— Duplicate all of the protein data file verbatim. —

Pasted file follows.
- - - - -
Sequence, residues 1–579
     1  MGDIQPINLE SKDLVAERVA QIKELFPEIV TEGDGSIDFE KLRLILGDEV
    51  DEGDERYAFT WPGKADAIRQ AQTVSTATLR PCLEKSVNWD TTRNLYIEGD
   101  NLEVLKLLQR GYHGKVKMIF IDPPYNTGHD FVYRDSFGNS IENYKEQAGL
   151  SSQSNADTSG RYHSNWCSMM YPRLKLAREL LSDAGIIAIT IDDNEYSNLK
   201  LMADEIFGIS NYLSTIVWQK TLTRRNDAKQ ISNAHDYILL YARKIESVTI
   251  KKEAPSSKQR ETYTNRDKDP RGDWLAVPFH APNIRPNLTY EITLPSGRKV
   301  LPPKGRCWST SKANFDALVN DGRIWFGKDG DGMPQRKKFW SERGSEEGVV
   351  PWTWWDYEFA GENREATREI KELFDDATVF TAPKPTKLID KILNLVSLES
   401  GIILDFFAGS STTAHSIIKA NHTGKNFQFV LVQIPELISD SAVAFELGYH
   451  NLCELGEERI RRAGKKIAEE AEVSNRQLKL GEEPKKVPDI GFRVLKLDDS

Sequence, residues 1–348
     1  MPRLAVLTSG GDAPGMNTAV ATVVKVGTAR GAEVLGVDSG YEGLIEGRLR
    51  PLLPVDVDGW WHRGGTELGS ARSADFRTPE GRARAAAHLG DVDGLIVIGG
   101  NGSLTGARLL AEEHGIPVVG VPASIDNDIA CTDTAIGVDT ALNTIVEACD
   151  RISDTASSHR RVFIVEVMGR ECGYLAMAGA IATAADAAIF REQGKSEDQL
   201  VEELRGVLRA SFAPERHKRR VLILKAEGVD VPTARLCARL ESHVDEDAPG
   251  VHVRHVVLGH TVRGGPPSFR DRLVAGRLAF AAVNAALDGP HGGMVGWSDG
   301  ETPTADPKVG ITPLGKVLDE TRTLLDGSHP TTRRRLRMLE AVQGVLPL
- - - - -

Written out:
Sequence, residues 1–579
     1  MGDIQPINLE SKDLVAERVA QIKELFPEIV TEGDGSIDFE KLRLILGDEV
    51  DEGDERYAFT WPGKADAIRQ AQTVSTATLR PCLEKSVNWD TTRNLYIEGD
   101  NLEVLKLLQR GYHGKVKMIF IDPPYNTGHD FVYRDSFGNS IENYKEQAGL
   151  SSQSNADTSG RYHSNWCSMM YPRLKLAREL LSDAGIIAIT IDDNEYSNLK
   201  LMADEIFGIS NYLSTIVWQK TLTRRNDAKQ ISNAHDYILL YARKIESVTI
   251  KKEAPSSKQR ETYTNRDKDP RGDWLAVPFH APNIRPNLTY EITLPSGRKV
   301  LPPKGRCWST SKANFDALVN DGRIWFGKDG DGMPQRKKFW SERGSEEGVV
   351  PWTWWDYEFA GENREATREI KELFDDATVF TAPKPTKLID KILNLVSLES
   401  GIILDFFAGS STTAHSIIKA NHTGKNFQFV LVQIPELISD SAVAFELGYH
   451  NLCELGEERI RRAGKKIAEE AEVSNRQLKL GEEPKKVPDI GFRVLKLDDS

Sequence, residues 1–348
     1  MPRLAVLTSG GDAPGMNTAV ATVVKVGTAR GAEVLGVDSG YEGLIEGRLR
    51  PLLPVDVDGW WHRGGTELGS ARSADFRTPE GRARAAAHLG DVDGLIVIGG
   101  NGSLTGARLL AEEHGIPVVG VPASIDNDIA CTDTAIGVDT ALNTIVEACD
   151  RISDTASSHR RVFIVEVMGR ECGYLAMAGA IATAADAAIF REQGKSEDQL
   201  VEELRGVLRA SFAPERHKRR VLILKAEGVD VPTARLCARL ESHVDEDAPG
   251  VHVRHVVLGH TVRGGPPSFR DRLVAGRLAF AAVNAALDGP HGGMVGWSDG
   301  ETPTADPKVG ITPLGKVLDE TRTLLDGSHP TTRRRLRMLE AVQGVLPL